Barcelona have set the world alight with their incomparable aesthetic passing approach play, but what they have also developed under Pep Guardiola is an intense and dazzlingly effective pressing strategy in which the players (starting from the forwards) hunt down the ball relentlessly until they regain possession; mistakenly presumed a strategy that is easy to apply, it takes lots of meticulous preparation United must thus be prepared to take their normal game to the Catalan side. The Busby philosophy, so lucidly applied by Sir Alex during his reign, has been to attack; a direct approach reliant on sharp and crisp passing, collective movement and an ability to take a risk in goal-scoring scenarios. The upshot is simple: delay or hesitate on the ball and Barcelona will take you apart. Perform the basics well by defending tight, predicting the pattern of play and releasing the ball early to danger men such as Rooney or wide to Valencia will ensure the best possible chance of victory and will force Barca into defensive positions – something they are not used to doing and have looked vulnerable after conceding the first goal.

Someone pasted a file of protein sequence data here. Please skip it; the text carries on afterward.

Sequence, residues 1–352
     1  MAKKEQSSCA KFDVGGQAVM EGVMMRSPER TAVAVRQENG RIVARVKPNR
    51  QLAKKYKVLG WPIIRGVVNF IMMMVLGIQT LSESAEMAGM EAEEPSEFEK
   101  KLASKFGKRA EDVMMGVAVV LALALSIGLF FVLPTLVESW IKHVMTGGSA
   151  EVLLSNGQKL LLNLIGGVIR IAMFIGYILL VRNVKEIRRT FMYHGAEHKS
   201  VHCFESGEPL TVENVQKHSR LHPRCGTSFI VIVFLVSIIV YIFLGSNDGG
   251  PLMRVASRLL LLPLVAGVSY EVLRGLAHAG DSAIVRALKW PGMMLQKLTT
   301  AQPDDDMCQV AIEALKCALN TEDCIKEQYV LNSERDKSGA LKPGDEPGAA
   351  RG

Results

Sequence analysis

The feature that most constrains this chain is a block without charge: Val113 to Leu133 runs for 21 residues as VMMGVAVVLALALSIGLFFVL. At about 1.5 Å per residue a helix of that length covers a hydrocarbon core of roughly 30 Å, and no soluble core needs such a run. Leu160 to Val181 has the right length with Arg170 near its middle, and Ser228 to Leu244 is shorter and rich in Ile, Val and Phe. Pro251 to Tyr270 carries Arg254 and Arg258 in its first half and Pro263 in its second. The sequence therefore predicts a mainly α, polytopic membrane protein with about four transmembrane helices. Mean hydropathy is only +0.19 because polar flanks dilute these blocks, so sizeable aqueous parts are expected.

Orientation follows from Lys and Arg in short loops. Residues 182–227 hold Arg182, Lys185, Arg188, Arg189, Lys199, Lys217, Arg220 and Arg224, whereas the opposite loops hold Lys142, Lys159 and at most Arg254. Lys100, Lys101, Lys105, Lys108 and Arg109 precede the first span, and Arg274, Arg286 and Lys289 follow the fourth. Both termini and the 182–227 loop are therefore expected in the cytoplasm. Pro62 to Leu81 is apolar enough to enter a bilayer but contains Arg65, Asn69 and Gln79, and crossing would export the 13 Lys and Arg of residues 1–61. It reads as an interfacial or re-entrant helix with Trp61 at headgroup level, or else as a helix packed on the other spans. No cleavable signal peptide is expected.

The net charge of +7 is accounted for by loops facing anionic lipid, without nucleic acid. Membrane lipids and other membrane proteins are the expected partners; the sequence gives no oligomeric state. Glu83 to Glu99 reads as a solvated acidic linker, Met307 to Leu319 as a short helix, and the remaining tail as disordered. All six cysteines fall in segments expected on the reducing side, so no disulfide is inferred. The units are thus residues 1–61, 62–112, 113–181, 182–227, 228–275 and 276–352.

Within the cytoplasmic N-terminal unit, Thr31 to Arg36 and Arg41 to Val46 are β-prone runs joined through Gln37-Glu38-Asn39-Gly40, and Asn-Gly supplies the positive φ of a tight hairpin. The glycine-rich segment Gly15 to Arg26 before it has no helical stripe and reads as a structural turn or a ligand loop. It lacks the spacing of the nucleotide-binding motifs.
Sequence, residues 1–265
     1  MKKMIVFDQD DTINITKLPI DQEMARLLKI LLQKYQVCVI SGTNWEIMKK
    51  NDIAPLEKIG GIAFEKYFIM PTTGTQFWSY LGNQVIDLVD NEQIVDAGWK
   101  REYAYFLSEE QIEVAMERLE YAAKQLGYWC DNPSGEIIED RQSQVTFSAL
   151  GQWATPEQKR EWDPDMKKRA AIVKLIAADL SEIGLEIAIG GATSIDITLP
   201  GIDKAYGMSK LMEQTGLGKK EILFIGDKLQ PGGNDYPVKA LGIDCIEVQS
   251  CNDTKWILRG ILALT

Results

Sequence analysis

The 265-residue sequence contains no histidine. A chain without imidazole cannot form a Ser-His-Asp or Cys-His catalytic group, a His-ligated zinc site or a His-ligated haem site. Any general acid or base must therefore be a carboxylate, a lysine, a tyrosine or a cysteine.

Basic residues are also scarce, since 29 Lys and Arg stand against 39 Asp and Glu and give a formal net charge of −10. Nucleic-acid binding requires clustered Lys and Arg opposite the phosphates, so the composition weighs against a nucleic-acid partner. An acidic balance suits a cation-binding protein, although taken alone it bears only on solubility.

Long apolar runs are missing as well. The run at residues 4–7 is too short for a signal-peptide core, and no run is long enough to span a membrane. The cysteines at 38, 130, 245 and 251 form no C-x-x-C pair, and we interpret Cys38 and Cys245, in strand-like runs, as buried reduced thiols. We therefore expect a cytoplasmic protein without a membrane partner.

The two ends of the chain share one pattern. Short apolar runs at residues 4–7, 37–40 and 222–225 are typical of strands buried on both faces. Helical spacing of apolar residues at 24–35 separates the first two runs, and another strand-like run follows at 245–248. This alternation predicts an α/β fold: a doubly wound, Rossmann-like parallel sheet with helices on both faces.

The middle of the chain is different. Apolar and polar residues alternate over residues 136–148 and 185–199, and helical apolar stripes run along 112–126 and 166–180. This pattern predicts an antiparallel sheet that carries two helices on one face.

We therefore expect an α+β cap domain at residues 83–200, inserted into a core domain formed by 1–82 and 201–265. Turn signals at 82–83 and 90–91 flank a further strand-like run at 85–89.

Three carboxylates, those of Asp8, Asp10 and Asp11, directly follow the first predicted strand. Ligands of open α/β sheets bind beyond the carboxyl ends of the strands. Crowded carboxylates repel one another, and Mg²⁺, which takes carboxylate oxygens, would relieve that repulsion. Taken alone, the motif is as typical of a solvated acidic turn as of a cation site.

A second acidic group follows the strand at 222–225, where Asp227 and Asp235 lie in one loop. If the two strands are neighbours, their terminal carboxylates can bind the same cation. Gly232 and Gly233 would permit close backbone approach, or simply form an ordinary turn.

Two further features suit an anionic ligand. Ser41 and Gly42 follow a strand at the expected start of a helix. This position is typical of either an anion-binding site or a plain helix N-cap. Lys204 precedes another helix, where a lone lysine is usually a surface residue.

In midfield, for all the abuse (unfair given the collective performance) Carrick has received in the aftermath of the defeat in Rome, Saturday is a chance to set the record straight. Fantastic in the ties v Marseille, Chelsea and Schalke, Carrick’s return to form in the latter half of the season has been pivotal to the success and efficiency of United at present. His nimble passing is ironically only surpassed by the two men that stand in his way: Xavi and Iniesta. Carrick’s ability to read the game and intercept the ball in his own half is unique; his range of passing is also a key asset, whether that be his ability to play it simple, shifting the ball and thus the opposition from one frame of reference to another or the long raking diagonal that became his forte in the Ronaldo years. It could be this tool alone that gives Sir Alex’s side a chance, with Hernandez, the striker able to offer equally devastating pace and movement once United retain possession (see diagram 1 below).